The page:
* Sheldon appears to speak no Spanish, which I think would be impossible for a chef cooking in the continental U.S. given how many native speakers typically work in restaurant kitchens. Perhaps that’s not true in Hawai’i, though. Brooke at least speaks quite a bit, although she could stand some work on her accent.

* Sheldon’s looking for queso fresco and somehow can’t find any at the market; I guess it’s possible there wasn’t a vendor selling cheese, but I find that a little hard to believe, since there is cheese in Yucatecan cuisine. He then buys a tamal colado without knowing what it is because he thinks it looks like cheese. (It’s actually a traditional Yucatecan tamale with roasted pork or chicken and an achiote and roasted tomato sauce.

* Shirley says that sometimes to wake herself up in the morning she takes a bite of a habenero. I prefer coffee.

* Brooke can’t get her blender open, briefly at least, which is yet another stupid equipment issue that doesn’t tell us anything about who the best chef is. It’s Top Chef. Maybe we could get the chefs some stuff that works?

* The dishes: Brooke made a roasted pork loin with orange and green habanero salsas, with the green ones in a raw fruit and vegetable salsa with jicama, pineapple, and cucumber … Sheldon made a pan-roasted chayote stuffed with the tamal colado and a roasted habanero/tomato/onion salsa. … Shirley made a masa dumpling with poached egg, habanero, and crispy chicharrones.

* Nobody really did poorly here, although I thought the final order was pretty clear. Sheldon’s was too spicy, and the tamal did nothing for his dish. Brooke ends up the winner. It seemed like her dish showcased the habanero best and was the most balanced overall, and Muniz Zurita didn’t hide that that was his favorite.

* Elimination challenge: Jeremiah Tower is there; he’s a California chef who now lives in the Yucatan, which seems like a pretty good place to retire, actually. He has a new book, Start the Fire: How I Began a Food Revolution in America, coming out on April 4th (that’s a preorder link), as well as a related documentary about him produced by Anthony Bourdain.

* The challenge is to make a dish entirely of local ingredients and cook it over an open flame, with no access to electric devices whatsoever, They get to keep their knives, though. This is way too gimmicky for the semifinal challenge, in my view. Just let them cook.

* The challenge will take place in Playa del Carmen, about halfway between Cancun and Tulum on the Yucatan coast. I don’t know if Mexico’s Tourism board paid for all this airtime, but holy crow, I want to go there immediately.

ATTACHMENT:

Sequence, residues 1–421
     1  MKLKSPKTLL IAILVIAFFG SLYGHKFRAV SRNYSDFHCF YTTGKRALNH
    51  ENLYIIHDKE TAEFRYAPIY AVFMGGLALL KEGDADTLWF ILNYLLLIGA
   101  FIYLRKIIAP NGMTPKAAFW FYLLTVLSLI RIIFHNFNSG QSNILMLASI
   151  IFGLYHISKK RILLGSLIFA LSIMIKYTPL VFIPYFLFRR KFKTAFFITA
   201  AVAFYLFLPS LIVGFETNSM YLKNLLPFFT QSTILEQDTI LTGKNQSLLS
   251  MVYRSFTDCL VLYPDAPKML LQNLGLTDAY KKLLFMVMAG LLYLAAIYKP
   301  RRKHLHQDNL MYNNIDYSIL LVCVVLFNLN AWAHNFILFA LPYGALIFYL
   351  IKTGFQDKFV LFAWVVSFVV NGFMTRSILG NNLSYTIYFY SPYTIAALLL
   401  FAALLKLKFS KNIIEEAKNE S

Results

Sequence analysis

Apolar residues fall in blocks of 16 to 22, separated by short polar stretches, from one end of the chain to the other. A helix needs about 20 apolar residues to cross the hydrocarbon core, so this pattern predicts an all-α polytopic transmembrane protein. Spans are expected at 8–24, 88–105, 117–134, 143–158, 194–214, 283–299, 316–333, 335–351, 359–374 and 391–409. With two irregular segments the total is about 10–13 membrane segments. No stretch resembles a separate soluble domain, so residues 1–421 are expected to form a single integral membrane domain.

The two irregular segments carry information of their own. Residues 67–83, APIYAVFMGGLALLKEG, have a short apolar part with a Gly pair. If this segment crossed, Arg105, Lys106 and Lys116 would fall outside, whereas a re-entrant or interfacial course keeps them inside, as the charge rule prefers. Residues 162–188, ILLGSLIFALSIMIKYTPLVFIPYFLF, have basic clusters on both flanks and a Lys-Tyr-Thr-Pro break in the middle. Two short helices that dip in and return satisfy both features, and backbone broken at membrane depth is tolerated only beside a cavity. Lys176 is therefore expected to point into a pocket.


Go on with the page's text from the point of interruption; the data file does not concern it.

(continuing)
* The three chefs get a tour (from Muniz Zurita and Tower) of some traditional Mayan instruments and ingredients, like a metate, a molcajete (which they called a tamul) mortar and pestle, and the giant herb hoja santa (also called yerba santa, so “holy leaf” or “holy herb,” although if you listen to a lot of hip-hop you might think “holy herb” means a totally different plant).

* When they get to the site of the challenge and see the array of ingredients, there are no alliums and no citrus. The three of them seem like they’re collaborating to try to get their heads around the pantry, given the handicap of lacking any traditional aromatics. I also didn’t see any proteins other than fish; all three chefs end up cooking fish, at least.

* Sheldon is burying sweet potatoes in the coals of the pit, burning the outside, and then scooping out the centers to make a mash. It’s a brilliant method of cooking them without needing too much time.

* Brooke tests one fish fillet on the grill to see if the skin will stick to the grates because she doesn’t think the coals are hot enough. (There’s no open flame, actually, just glowing coals.) She says she’s just “trying to build layers of flavor with no actual dish in (her) head.” Meanwhile, the fish did stick, so she ends up wrapping the fish fillets in hoja santa leaves to grill them safely.

* Sheldon is grilling the fish whole, but never tests the grill like Brooke did … and it sticks. At this moment, I was sure Sheldon was going home. You can’t fuck up a protein, serve it to Tom Colicchio, and think you’re sticking around. But what a lousy way to go – it’s not like Sheldon screwed up the fish while cooking on a plancha or in a skillet. Making a mistake in an unfamiliar environment is just normal.

* I watched this episode with my wife and one of our friends from the bus stop (another mom), and they both commented on Padma’s cleavage before I said a word. So, Padma’s cleavage. How about that.

* Brooke serves first. She did steamed yellow snapper with bean and corn ragout, jicama and papaya relish, and fresh avocado. The sweet salsa (relish) consisted of “lots of stuff.” She used tomatillo juice to try to add some acidity to the two sides, since there was no citrus available. The snapper is perfectly cooked; the judges disagree on the salsas, although Tom says they complemented each other, and we know his vote is the one that counts. The one criticism seems to be that the dish doesn’t have huge flavors, but it’s fish. If you overpower it with big flavors, they’ll ding you for overshadowing the main ingredient.

* Sheldon serves what is basically shredded snapper with annatto crab sauce, Yucatan vegetables, and a habanero salsa on the side. One of the diners thought the hot salsa was too hot, and the sauce in the middle tastes completely of crab, although another diner – they’re all star Mexican chefs – thought that the technique of using masa to thicken the sauce was smart.